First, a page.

I'm sick. It's kind of hard to think about anything else, 'cause mostly I just want to curl up in bed and be miserable. But that would be pretty boring, so I'm trying to do a full day of work. If it gets too bad, I'll go back to bed. Maybe I can get David and Heather to swing by with some juice...

There's so much I need to do that I'm feeling utterly overwhelmed. I know part of that is just tiredness from sickness, so I'm trying not to take it too seriously, but I've been very weepy lately. And unfortunately, most of my comfort things involve curling up and reading or doing other things that necessitate not working; which means that I get farther behind, which means I get more panicky. I'll feel better once I have more things accomplished. Done. I'm very task-oriented.

Okay, I need to make some phone calls. I'll do that now.

6:00. Well, I got offline but couldn't cope with actually talking to people on the phone. I buried myself in tech writing work instead, and managed to actually work a full 8 hours (with an hour or so of napping in middle) for the first time in this project. It's such a relief to have clearly defined tasks and some idea of how to do them -- this part of the project is editing, and I know how to edit. I felt surprisingly better, emotionally, once I'd finished the day's work. (Though I still don't know how to send attachments in pine, which is frustrating. Help most welcome.)

I still feel physically pretty cruddy, although I took a shower just now, and that seemed to help. I don't know why. It's just nice to be clean, I suppose. On my second mug of tea, which is also comforting. I'm glad tea takes a few steps. It's soothing to go through the ritual, to put the loose tea in the teaball, to wait for the water to boil, to pour it, to wait for it to steep, to add the sugar and milk and stir. There isn't much you can do to hurry up the process, not if you want your tea to taste right, and I get such strange pleasure from the small ritual. Perhaps I need more rituals in my life. David has many rituals in his. Kevin has none, as far as I can tell. I think I fall somewhere in between.

It's amazing to think that I only started drinking tea regularly a few years ago. I'm not sure I did when I first started this journal...and it's become such an integral part of my life. I get cranky when I don't have tea available...

The notes I've made recently on religion and faith in here have been generating ongoing e-mail. It's interesting seeing what sort of things in the journal prompt people to respond. Pathetic pleas for help, or sympathy, of course. And corrections when I get something wrong. But also certain topics; I suppose the controversial ones. When I was talking about rape, I got quite a lot of feedback. Unsurprising in retrospect. One of these days, I *will* learn the CGI scripts I need to in order to set it up so people can respond publically if they want, and talk to each other instead of just to me. I think that could be very interesting.

I've been thinking more about the religion question. I think where I really get stuck these days on the question of whether there is a god at all (whether sie's a good god is another issue entirely and goes back to that problem of suffering I mentioned before) is at the leap of faith. I can't make that leap of faith -- and I don't particularly want to. I'd rather be convinced...I empathized tremendously with Doubting Thomas. Gruesome it may be, but if Christ had returned from the dead in front of me, I'd be tempted to put my fingers in the bleeding wounds as well, just to be certain of the solidity of them. And I did find it encouraging that Thomas wasn't cast out for doubting, or even chastised too severely -- unlike poor Job. Oh, I could rant about Job if I got started...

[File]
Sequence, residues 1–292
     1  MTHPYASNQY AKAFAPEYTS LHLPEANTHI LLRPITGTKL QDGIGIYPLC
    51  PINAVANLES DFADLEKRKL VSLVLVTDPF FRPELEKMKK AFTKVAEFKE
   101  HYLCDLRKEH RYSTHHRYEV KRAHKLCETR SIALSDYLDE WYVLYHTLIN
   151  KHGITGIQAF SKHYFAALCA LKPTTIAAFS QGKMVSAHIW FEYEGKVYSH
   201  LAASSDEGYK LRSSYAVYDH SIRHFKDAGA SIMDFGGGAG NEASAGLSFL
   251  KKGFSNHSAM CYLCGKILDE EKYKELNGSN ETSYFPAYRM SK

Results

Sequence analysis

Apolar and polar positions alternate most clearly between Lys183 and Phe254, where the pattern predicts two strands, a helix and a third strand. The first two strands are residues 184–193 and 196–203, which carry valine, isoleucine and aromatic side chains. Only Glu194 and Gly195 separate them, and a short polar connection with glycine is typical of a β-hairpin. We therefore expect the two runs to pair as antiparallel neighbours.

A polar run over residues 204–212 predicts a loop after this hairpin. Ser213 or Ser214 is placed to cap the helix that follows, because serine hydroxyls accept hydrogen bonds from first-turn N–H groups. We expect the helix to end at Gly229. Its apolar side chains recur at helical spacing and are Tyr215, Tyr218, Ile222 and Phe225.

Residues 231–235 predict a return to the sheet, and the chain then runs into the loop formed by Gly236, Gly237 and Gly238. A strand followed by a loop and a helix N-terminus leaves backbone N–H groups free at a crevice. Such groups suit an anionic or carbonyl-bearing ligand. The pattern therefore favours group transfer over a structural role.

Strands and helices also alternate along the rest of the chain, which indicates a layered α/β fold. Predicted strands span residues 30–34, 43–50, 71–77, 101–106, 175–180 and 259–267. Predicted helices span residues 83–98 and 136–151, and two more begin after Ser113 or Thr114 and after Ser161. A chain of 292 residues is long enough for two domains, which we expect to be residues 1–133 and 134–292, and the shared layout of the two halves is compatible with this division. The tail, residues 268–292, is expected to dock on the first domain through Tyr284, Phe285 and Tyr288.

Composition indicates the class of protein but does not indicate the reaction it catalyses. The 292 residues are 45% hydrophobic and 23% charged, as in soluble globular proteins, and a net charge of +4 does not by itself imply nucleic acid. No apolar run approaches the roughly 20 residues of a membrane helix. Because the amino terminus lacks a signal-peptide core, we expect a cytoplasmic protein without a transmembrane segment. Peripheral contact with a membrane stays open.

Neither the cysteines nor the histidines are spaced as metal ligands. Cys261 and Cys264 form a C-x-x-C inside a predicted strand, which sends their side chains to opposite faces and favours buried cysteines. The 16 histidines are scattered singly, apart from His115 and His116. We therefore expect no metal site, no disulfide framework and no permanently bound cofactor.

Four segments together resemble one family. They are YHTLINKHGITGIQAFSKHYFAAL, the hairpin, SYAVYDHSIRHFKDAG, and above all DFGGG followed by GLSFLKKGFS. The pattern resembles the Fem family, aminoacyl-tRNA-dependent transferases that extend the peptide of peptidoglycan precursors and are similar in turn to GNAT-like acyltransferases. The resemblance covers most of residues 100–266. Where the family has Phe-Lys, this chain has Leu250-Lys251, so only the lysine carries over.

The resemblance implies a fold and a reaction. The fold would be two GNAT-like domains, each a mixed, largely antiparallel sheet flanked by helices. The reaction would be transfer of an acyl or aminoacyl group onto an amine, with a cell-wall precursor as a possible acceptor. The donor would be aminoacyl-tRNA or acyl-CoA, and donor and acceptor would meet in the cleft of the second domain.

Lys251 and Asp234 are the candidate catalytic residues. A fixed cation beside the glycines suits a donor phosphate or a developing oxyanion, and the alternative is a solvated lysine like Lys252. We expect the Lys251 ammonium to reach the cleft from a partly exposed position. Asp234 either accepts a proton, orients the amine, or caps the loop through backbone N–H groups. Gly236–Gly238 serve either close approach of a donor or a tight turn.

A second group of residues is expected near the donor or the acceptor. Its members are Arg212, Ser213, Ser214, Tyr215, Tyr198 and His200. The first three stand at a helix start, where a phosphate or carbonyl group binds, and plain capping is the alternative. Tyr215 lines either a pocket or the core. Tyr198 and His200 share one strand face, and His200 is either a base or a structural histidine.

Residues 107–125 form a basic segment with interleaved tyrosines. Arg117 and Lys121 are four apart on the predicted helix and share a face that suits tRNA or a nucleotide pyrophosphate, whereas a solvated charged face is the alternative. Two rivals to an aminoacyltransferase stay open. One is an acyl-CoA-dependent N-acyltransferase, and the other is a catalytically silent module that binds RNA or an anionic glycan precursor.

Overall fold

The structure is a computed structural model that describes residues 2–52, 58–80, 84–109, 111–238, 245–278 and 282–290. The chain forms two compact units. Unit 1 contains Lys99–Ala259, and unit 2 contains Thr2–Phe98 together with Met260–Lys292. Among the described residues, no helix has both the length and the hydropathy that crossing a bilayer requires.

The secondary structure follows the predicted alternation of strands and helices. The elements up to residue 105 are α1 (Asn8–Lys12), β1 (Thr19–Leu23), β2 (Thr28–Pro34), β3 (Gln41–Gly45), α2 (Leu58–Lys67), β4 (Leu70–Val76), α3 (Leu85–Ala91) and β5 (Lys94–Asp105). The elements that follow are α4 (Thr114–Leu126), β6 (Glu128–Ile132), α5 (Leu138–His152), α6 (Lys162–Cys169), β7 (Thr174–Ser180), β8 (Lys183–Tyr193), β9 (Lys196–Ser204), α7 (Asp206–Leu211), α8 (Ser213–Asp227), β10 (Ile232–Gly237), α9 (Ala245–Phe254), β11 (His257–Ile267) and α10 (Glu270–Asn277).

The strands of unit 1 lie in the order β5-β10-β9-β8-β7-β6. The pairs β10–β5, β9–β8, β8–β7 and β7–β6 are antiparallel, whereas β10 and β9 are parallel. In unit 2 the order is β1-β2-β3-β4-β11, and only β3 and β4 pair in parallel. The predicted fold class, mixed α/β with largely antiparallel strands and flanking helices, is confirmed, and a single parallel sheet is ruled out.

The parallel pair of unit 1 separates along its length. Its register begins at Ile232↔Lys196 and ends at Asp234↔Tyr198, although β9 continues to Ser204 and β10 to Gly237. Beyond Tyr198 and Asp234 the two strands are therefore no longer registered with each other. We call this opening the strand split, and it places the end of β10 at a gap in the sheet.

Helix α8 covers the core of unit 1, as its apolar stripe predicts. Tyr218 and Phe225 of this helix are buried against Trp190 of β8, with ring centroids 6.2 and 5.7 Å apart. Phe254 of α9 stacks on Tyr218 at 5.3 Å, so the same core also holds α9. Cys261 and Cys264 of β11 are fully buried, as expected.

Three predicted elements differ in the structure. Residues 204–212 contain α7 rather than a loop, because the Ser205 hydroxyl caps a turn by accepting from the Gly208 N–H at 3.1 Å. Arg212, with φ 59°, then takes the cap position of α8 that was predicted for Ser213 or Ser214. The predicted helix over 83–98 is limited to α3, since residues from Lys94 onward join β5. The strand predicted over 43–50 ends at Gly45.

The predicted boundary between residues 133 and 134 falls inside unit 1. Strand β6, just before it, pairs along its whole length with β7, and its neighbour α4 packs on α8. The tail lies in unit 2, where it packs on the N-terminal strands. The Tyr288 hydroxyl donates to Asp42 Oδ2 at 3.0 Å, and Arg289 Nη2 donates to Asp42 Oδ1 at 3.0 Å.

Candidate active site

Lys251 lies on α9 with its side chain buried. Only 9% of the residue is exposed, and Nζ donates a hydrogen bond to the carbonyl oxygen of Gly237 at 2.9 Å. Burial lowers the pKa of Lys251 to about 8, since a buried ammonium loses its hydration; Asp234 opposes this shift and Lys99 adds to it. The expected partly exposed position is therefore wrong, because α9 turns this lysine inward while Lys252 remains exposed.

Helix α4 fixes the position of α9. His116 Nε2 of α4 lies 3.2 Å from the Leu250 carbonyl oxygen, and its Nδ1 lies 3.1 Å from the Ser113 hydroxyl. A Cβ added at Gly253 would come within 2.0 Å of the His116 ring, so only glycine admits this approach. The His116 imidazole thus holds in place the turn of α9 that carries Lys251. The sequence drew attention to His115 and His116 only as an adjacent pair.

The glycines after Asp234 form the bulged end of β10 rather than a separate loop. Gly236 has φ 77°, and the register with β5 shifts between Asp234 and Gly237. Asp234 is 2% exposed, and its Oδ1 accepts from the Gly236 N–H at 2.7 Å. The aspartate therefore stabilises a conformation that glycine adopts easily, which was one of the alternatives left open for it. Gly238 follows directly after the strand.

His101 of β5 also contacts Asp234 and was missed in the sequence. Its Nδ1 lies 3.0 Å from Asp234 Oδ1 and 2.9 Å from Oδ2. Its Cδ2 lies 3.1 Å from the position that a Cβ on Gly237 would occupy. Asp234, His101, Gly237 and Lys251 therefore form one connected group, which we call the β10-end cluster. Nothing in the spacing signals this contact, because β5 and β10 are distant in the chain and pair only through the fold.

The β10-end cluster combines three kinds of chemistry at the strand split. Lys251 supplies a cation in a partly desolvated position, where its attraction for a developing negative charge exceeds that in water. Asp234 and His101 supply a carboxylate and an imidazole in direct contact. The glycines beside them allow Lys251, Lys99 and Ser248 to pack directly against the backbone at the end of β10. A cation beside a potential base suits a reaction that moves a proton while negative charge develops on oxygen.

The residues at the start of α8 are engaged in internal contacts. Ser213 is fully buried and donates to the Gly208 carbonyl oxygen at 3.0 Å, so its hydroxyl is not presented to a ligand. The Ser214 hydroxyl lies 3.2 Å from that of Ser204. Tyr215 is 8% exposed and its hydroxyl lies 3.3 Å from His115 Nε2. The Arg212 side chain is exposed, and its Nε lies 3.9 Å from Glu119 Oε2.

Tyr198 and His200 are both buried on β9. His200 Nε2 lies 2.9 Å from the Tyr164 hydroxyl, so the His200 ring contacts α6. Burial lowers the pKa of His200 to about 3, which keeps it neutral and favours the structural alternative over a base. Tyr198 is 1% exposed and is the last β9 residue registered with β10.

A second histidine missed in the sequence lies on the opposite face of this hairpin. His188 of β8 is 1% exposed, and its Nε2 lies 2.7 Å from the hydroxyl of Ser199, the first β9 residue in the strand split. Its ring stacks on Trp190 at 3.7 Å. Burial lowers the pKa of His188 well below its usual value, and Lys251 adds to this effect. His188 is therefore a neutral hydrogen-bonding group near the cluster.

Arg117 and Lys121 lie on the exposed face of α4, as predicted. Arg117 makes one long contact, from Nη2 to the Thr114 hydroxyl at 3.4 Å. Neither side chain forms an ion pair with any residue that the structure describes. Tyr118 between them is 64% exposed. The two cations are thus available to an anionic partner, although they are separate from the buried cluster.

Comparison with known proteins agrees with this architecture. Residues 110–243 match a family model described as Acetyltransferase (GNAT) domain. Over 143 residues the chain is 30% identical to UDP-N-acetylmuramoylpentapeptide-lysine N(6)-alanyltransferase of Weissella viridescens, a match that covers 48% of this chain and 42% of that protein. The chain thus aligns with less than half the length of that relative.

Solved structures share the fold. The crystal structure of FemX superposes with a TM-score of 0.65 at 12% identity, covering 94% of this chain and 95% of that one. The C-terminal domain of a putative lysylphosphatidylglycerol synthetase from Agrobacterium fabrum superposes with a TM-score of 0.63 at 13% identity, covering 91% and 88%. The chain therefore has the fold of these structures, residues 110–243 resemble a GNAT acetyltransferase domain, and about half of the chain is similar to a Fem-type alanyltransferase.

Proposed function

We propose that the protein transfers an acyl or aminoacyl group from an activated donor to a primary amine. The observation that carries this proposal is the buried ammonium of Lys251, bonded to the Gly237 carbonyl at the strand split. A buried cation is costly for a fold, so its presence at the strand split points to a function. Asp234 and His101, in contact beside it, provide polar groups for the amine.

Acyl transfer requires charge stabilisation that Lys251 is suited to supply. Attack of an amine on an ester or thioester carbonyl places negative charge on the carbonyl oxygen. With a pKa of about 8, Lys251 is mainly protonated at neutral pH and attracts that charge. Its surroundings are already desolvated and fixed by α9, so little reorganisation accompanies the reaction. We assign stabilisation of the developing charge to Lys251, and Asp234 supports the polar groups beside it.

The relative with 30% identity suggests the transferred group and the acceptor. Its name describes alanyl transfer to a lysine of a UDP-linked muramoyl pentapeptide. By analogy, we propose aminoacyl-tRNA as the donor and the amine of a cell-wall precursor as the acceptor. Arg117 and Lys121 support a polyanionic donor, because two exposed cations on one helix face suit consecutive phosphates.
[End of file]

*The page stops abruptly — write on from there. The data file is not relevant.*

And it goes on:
But I'm not just a rationalist. I might want to be, but I'm not. That's clear in some of my arguments with David -- I have faith in things that he doesn't. And it's almost inconceivable to me that he doesn't have that same faith -- it seems obvious, self-evident to me. But faith generally does, no? That appears to be part of the definition. You believe it because you believe it, because it would be impossible not to believe it. So even if the kind of things I believe in aren't what one would normally call religious, in the end, I'm just as much of a believer as the most devout. Not a very good skeptic after all, it turns out...

Today's Manifesto

I believe...
  • that we can make the world a better place.
  • that we are progressing, and not just in technological ways.
  • that despite the setbacks and the hatred, it is possible for sense and love to triumph.
  • that grassroots organizing makes a difference.
  • that there is worth to every human soul, and that very few, if any, are truly evil.
  • that good people sometimes do bad things, but that condemnation is not the answer.
  • that books, music, and art have the power to create change.
  • that joy shared is joy increased, and sorrow shared is sorrow decreased. Mostly.
  • that every little bit helps.
  • that even entropy is insufficient cause for despair.
  • that even though beauty is evanescent, it is still worth creating.
  • that people are good at heart, and that is what will save us in the end.
A total mushball, that's me. Just overflowing with sticky sentiment. But you gotta go with your strengths, right?

And I know, don't tell me -- I sound very young. I'm sure I do. But I hope I still sound like this when I'm 80.

Rosh Hashanah I just…

Rosh Hashanah

I just finished Mary Doria Russell's _The Sparrow_. This book shook me more than anything I've read in months. I no longer resent it for winning the Campbell over _An Exchange of Hostages_ (though I wish that one could have gotten an award too). I didn't want it to end. I didn't want to put it down, but I made myself do it, so that it would last longer. I cry easily at movies, while reading books, but I sobbed until my chest hurt reading this one. I was reading through the tears at points. I don't want to tell you too many details of the story; I don't want to spoil it. But I strongly recommend that you stop in a bookstore sometime soon, and read the first page of prologue. It's less than a page. That's not so much to ask, is it? And it's certainly not all sad. Not even close.